Am I a non-compliant suppressive person in the realm of gay cinema?

In my 9.1.23 review of Andrew Haigh‘s All Of Us Strangers, I praised it for being “a classy, meditative, top-tier capturing of an intimate gay relationship” while admitting that the beard-stubble sex footage made me squirm a bit. Which resulted in attacks, of course. For in today’s realm, if you don’t sing arias about bare-backed slurpy kissing scenes you’re a homophobe.

“Story-wise it’s kind of a gay Midnight in Paris,” I wrote, “except instead of hanging with F. Scott Fitzgerald and Ernest Hemingway the time traveller in question (a screenwriter named Adam, played by the mid-40ish Andrew Scott) spends a lot of time with his late parents, who are miraculously alive and their old glorious selves, and played by Jamie Bell and Claire Foy.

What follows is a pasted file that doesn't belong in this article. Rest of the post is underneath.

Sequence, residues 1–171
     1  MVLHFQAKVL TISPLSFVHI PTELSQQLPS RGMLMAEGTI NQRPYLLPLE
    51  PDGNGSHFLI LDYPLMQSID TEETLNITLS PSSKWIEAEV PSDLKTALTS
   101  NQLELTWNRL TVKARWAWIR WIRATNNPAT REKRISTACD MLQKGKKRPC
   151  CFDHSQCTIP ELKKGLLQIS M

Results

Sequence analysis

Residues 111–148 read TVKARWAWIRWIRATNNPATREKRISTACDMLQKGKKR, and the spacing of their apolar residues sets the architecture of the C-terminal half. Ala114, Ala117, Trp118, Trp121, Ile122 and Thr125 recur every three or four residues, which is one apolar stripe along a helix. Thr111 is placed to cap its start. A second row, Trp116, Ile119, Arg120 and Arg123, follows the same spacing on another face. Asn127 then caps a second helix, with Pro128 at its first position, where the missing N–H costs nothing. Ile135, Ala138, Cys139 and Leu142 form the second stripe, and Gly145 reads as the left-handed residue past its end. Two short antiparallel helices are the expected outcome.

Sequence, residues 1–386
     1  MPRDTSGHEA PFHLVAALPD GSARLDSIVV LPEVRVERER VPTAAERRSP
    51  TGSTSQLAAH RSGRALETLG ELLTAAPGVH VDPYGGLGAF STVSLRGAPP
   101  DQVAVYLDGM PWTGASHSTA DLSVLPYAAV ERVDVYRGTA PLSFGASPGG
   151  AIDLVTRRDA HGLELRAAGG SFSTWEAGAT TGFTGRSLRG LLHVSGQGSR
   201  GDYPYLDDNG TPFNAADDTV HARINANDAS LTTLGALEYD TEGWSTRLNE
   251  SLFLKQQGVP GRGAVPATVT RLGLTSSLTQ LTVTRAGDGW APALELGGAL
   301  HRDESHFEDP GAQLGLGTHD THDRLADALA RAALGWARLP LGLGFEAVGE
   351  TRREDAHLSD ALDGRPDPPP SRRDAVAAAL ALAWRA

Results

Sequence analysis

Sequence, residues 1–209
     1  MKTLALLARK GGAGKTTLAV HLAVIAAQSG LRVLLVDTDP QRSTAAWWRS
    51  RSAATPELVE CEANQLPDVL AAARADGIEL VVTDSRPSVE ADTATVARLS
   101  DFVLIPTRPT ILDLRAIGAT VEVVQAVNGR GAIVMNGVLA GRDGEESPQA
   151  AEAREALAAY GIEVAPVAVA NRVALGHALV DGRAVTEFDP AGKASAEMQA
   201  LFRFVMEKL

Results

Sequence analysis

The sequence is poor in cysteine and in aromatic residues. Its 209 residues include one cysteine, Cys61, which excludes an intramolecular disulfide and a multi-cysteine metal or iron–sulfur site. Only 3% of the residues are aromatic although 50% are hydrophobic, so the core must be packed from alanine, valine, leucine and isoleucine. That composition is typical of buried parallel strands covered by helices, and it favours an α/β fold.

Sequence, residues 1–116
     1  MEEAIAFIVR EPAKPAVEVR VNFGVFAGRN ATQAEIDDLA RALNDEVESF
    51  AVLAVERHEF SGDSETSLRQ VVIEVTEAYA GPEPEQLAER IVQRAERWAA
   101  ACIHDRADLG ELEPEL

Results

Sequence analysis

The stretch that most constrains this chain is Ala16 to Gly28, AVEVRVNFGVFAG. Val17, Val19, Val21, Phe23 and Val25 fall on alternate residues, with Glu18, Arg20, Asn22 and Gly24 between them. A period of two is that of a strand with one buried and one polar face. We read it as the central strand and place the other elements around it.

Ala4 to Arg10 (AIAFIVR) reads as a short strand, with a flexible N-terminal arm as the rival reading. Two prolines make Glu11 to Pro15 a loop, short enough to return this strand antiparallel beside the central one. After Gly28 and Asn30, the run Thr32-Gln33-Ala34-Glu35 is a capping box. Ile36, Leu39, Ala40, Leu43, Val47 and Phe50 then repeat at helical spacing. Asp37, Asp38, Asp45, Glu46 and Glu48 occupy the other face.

“Their get-togethers allow Adam, of course, a chance to explain to them both (well, his mom) that he’s been gay for decades but that being so inclined is no longer the socially uncertain, vaguely uncomfortable thing it was when mum and dad died in a car crash, back in the ’80s.